Education: Paralegals Learn The Workings Of Civil Litigation

Paralegals can perform nearly the same duties as an attorney, from preparing important court documents, interviewing clients, to developing the best practices for docket techniques. Consequently, it is essential that whether or not they are assigned to a litigation team or a transactional team, they must know and thoroughly understand the litigation process. This is why civil litigation is one of the required courses for a paralegal degree program.
Paralegals need to be thoroughly familiar with civil litigation because there are many steps in between an initial filing of a case and the final judgment. Paralegals assist the attorneys in completing every step of the civil procedure process including conducting research, preparing briefs, writing motions, and collecting discovery during this process. Consequently, they must be as knowledgeable as the attorney they work for when it comes to understanding the civil process.
This course is usually taught as two classes. The first one might cover all of the events before the actual trial. Civil litigation begins with what is known as the "triggering event." This is when there is a specific event that results in personal or property damage, and the plaintiff seeks monetary retribution. Students learn that the triggering event leads to the pleading of a case; this involves two actions. The first is the filing of a written complaint by the plaintiff in which the document recommends jurisdiction, sets the facts of why compensation is sought, and presents the actual amount demanded.
The second action to pleading a case is based on the complaint itself. The defendant is served with a writ of summons. The writ of summons informs the defendant of the ensuing action. If the defendant does not respond to the complaint, the award of judgment will be awarded as a default. Summons must be served according to state guidelines and enough time must be given so that the defendant can organize his or her own legal defense.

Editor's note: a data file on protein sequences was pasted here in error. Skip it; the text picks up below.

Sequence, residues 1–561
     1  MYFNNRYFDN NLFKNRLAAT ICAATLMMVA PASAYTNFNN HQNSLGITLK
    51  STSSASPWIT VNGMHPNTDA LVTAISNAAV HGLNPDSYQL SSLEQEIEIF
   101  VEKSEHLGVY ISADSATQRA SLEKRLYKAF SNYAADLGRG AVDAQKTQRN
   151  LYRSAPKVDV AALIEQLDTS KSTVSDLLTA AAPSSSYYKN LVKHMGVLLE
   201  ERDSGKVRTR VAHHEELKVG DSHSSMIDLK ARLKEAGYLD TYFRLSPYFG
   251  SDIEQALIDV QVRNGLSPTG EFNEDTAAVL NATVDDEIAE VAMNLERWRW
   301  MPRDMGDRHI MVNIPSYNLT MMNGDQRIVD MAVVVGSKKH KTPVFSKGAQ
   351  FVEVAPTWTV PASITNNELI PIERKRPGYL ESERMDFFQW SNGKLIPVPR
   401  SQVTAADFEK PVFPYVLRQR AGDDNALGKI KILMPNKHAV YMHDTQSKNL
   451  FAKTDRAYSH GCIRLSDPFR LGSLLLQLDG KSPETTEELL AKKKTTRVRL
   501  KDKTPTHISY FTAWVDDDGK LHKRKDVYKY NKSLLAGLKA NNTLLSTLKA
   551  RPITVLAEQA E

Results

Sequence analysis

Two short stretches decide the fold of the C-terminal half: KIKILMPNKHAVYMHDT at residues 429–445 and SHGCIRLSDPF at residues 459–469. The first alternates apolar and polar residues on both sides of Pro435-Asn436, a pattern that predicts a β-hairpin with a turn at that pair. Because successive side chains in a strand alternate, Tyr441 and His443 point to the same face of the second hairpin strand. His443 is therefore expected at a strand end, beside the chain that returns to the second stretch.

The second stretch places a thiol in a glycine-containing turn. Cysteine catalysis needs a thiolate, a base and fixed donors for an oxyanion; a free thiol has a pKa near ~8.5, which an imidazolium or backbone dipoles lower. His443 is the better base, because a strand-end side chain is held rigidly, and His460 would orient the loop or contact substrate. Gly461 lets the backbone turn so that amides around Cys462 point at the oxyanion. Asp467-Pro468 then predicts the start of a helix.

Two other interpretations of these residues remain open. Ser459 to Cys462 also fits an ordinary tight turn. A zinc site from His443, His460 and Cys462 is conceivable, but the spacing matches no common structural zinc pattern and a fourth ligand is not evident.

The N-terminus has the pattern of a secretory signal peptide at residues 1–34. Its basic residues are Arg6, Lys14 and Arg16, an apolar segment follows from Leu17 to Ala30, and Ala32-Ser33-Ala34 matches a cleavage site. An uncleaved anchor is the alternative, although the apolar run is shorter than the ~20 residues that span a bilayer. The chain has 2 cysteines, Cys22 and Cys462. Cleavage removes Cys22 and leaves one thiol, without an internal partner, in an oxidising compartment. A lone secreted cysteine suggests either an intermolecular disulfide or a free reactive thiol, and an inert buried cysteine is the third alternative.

From classroom instruction on the various motions, paralegal students learn which side can request what motion and what constitutes a dismissal. Motion to dismiss is generally made at the bequest of the defendant. This gives the defendant an opportunity to have the trial dismissed due to legal insufficient matters. This can be requested due to incomprehensible allegations, incorrect venue, or inappropriate serving of the summons.
Either party can request a motion for summary judgment. This motion clears up controversies when no genuine issues of material fact exist. Affidavits and depositions are required to prove that there is no need for a trial because there is no factual dispute between parties. Motion for summary judgments can be granted, but they are frowned upon because it deprives one of the parties an opportunity to make a case at trial.
The course teaches paralegal students the importance of discovery and how to review discovery content in order to utilize it for maximum effect. Each party is granted equal access to relevant facts concerning the case. Tools of discovery exist in the form of depositions, written interrogatories, production documents, medical examinations, and requests for admissions.
Part one of this subject of study walks the paralegal student through the first part of the civil procedure process. The insight paralegal students gain and the processes they learn are central to understanding the various steps, filings, and motions involved with civil law. It is important for those who are interested in this field to obtain a paralegal studies degree, which may be earned by taking online college courses.

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